HomeInsightsInformation Commissioner’s Office publishes guidance on Data Protection Impact Assessments (DPIA) and AI

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Simon Reader, Senior Policy Officer at the ICO, has published a blog post setting out some of the things organisations should think about when carrying out a DPIA for the processing of personal data in AI systems. The blog is part of the ICO’s Call for Input on developing the ICO framework for auditing AI.

Mr Reader explains that under the GDPR the use of AI for processing personal data will usually trigger the legal requirement for completing a DPIA. If the result of an assessment indicates residual high risk to individuals that cannot be reduced, data controllers must consult with the ICO.

A DPIA needs to describe the nature, scope, context and purposes of any processing of personal data. It must make clear how and why AI is going to be used to process the data. Mr Reader explains that it will need to set out:

  • how data will be collected, stored and used;
  • the volume, variety and sensitivity of the input data;
  • the nature of the data controller’s relationship with data subjects; and
  • the intended outcomes for individuals or wider society and for the data controller.

Mr Reader says that a DPIA should be undertaken at the earliest stages of project development and should feature, at a minimum, the following key components:

  • a systematic description of the processing activity: this should include data flows and the stages when AI processes and automated decisions may have effects on individuals. Where AI systems are partly or wholly outsourced to external providers, both organisations should also assess whether joint controllership has been established under Article 26 of the GDPR and, if so, to collaborate in the DPIA process as appropriate;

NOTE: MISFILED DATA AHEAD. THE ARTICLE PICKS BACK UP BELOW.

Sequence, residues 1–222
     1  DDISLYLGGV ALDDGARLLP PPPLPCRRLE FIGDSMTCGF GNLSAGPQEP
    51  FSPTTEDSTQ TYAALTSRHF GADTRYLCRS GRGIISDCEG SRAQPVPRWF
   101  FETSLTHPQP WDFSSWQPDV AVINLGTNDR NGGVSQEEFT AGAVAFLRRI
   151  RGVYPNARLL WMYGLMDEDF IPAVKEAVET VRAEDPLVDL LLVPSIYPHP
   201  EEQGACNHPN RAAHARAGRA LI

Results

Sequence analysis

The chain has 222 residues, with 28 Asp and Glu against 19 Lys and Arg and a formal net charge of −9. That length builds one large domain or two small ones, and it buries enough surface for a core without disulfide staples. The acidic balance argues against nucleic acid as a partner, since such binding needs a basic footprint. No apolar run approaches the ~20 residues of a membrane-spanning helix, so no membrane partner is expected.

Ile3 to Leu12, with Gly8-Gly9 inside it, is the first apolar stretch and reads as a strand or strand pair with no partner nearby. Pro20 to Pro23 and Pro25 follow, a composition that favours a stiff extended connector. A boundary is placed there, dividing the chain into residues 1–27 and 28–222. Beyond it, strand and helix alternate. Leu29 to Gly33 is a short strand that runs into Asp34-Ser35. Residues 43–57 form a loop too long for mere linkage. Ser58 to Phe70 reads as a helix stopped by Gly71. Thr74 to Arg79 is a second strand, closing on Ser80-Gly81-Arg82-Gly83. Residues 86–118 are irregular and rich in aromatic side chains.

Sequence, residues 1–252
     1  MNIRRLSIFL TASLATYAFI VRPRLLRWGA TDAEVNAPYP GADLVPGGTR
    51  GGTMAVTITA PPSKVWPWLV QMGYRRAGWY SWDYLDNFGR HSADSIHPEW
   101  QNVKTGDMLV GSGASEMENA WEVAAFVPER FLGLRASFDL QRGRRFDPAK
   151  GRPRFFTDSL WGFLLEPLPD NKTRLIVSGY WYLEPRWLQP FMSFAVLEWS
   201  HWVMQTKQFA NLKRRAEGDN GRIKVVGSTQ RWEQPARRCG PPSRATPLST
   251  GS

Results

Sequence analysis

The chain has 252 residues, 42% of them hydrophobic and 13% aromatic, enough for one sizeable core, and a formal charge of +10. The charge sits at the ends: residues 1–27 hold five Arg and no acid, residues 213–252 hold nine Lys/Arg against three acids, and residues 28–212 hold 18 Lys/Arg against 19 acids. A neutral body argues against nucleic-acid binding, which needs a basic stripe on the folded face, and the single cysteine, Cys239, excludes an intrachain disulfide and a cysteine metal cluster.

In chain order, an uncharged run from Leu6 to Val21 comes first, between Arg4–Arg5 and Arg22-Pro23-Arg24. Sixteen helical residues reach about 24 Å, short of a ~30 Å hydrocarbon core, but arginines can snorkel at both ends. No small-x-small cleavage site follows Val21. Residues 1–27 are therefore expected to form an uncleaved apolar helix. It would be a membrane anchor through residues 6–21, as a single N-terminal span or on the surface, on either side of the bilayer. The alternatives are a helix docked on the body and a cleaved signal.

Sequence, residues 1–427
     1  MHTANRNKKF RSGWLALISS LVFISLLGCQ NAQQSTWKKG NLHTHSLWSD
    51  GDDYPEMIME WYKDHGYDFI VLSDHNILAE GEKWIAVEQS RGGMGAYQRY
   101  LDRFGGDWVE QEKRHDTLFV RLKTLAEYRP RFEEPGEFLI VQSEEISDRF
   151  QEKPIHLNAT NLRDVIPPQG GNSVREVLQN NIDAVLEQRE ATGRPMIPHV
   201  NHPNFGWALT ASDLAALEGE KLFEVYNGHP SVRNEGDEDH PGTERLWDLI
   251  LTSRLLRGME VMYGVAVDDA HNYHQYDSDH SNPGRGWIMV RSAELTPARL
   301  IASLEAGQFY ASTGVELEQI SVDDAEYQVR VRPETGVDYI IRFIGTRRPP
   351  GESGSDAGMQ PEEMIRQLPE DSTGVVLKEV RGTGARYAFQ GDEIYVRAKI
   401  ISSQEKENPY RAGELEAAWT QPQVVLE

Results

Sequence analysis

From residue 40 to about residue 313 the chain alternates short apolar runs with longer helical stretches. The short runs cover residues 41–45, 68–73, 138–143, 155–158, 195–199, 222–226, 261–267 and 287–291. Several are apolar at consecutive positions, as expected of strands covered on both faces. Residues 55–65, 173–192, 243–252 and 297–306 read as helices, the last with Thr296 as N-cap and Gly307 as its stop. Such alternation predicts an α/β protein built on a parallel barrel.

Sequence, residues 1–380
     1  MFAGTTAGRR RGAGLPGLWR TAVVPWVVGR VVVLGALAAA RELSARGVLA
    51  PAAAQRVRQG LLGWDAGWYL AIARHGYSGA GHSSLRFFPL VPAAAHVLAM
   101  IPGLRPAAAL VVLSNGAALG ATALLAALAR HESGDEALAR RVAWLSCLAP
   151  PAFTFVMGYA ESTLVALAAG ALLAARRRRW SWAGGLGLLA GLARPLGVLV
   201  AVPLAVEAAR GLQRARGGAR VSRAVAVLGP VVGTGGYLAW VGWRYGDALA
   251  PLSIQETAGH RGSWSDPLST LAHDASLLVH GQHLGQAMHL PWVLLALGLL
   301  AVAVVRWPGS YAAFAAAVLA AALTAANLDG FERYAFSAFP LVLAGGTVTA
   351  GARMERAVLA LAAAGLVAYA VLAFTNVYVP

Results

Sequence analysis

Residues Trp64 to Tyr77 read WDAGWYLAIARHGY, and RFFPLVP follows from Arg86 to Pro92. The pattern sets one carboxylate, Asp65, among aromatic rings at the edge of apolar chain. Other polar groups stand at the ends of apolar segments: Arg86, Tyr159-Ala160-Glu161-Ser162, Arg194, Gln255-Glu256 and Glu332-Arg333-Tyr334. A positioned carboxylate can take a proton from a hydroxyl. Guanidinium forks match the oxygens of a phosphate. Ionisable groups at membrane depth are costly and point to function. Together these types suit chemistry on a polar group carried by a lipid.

• assessing necessity and proportionality: the deployment of an AI system to process personal data needs to be driven by the proven ability of that system to fulfil a specific and legitimate purpose, not by the availability of the technology. By assessing necessity in a DPIA, an organisation can evidence that these purposes could not be accomplished in another reasonable way. When assessing proportionality, the interests of the organisation need to be weighed up against the rights and freedoms of individuals;
  • identifying risks to rights and freedoms: the use of personal data in the development and deployment of AI systems may not just pose risks to individuals’ privacy and data protection rights. Data controllers should therefore consider any relevant legal frameworks beyond data protection;
  • measures to address the risks: data protection officers and other information governance professionals should be involved in AI projects from the earliest stages. Once measures have been introduced to mitigate the risks identified, the DPIA should document the residual levels of risk posed by the processing. These must be referred to the ICO for prior consultation if they remain high; and
  • a “living” document: a DPIA should be considered a “live” document, in that it is subject to regular review or re-assessment should the nature, scope, context or purpose of the processing alter for any reason.

The ICO is interested to hear about how organisations are approaching DPIAs in the context of AI and is seeking views and feedback. To read the blog post in full, click here.